from Bio.Alphabet import generic_dna
my_sequence_record.seq.alphabet = generic_dna

# This is the minimum required info for BioPython to be able to output 
# the SeqRecord in Genbank format.
# You probably would want to add other info (e.g. locus, organism, date etc)

#optional: print the SeqRecord to STDOUT in genbank format.. note there are no features on it yet.
print "\nThis bit is the SeqRecord, printed out in genbank format, with no features added.\n"
print(my_sequence_record.format("gb"))

################ B: Make a SeqFeature ################

# 1. Create a start location and end location for the feature
#    Obviously this can be AfterPosition, BeforePosition etc.,
#    to handle ambiguous or unknown positions

from Bio import SeqFeature
my_start_pos = SeqFeature.ExactPosition(2)
my_end_pos = SeqFeature.ExactPosition(6)

# 2. Use the locations do define a FeatureLocation
from Bio.SeqFeature import FeatureLocation
my_feature_location = FeatureLocation(my_start_pos,my_end_pos)

# 3. Define a feature type as a text string 
#     (you can also just add the type when creating the SeqFeature)
my_feature_type = "CDS"

# 4. Create a SeqFeature
from Bio.SeqFeature import SeqFeature
my_feature = SeqFeature(my_feature_location,type=my_feature_type)

# 5. Append your newly created SeqFeature to your SeqRecord

my_sequence_record.features.append(my_feature)

#optional: print the SeqRecord to STDOUT in genbank format, with your new feature added.
print "\nThis bit is the SeqRecord, printed out in genbank format, with a feature added.\n"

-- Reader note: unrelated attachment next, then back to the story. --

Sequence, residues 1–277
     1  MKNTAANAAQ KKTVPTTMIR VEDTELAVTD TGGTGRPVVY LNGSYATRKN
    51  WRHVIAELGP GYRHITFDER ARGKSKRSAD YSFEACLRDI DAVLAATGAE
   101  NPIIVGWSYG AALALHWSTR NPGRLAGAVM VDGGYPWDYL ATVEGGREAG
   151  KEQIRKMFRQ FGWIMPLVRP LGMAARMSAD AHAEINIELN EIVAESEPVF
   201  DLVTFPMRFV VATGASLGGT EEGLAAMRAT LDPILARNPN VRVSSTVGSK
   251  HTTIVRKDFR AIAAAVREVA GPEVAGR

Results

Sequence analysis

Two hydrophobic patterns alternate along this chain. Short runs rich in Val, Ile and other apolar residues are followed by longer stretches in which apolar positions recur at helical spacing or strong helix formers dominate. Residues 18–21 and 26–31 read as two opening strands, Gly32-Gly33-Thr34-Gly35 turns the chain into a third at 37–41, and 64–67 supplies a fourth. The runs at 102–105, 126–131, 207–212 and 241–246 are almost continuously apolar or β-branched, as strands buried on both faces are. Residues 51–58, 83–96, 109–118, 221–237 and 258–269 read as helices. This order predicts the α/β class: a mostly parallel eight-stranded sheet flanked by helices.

print(my_sequence_record.format("gb"))

################ C: Overwrite an existing SeqFeature ################

# 1. Create a start location and end location for the feature.. 
#    This bit is obviously a repeat of "B: Make a SeqFeature" above, 
#    normally I'd pull it out to a function, but I'm trying to be explicit here

from Bio import SeqFeature
my_start_pos = SeqFeature.ExactPosition(3)
my_end_pos = SeqFeature.ExactPosition(7)

# 2. Use the locations do define a FeatureLocation
from Bio.SeqFeature import FeatureLocation
my_feature_location2 = FeatureLocation(my_start_pos,my_end_pos)

# 3. Define a feature type as a text string 
#    (or you can also just add the type when creating the SeqFeature)
my_feature_type2 = "ABC"

# 4. Create a SeqFeature
from Bio.SeqFeature import SeqFeature
my_feature2 = SeqFeature(my_feature_location2,type=my_feature_type2)

my_sequence_record.features[0]=my_feature2

#optional: print the SeqRecord to STDOUT in genbank format, with your new feature changed.
print "\nThis bit is the SeqRecord, printed out in genbank format, with a feature changed.\n"
print(my_sequence_record.format("gb"))
ADD COMMENTlink modified 6.4 years ago • written 6.4 years ago by DF100

Thank you! You just saved me a ton of time today.

ADD REPLYlink written 6.3 years ago by tim.panosian0

The code snippet provided uses multiple imports and overwrites the meaning of SeqFeature, that confused me to no end. That is, don't do:

from Bio import SeqFeature
...
from Bio.SeqFeature import SeqFeature
...

That's really, really bad.

Here's a solution suggested on the BioPython mailing list (with some more code around):

from Bio import SeqFeature as sf

spos = sf.BeforePosition(20);
epos = sf.ExactPosition(50);
l1 = sf.FeatureLocation(spos, epos, strand=+1)
l2 = sf.FeatureLocation(epos+100, epos+200, strand=+1)
cl= sf.CompoundLocation([l1, l2]);
f1 = sf.SeqFeature(cl, strand=1, type="CDS", qualifiers={});
ADD REPLYlink written 2.4 years ago by bastien.chevreux0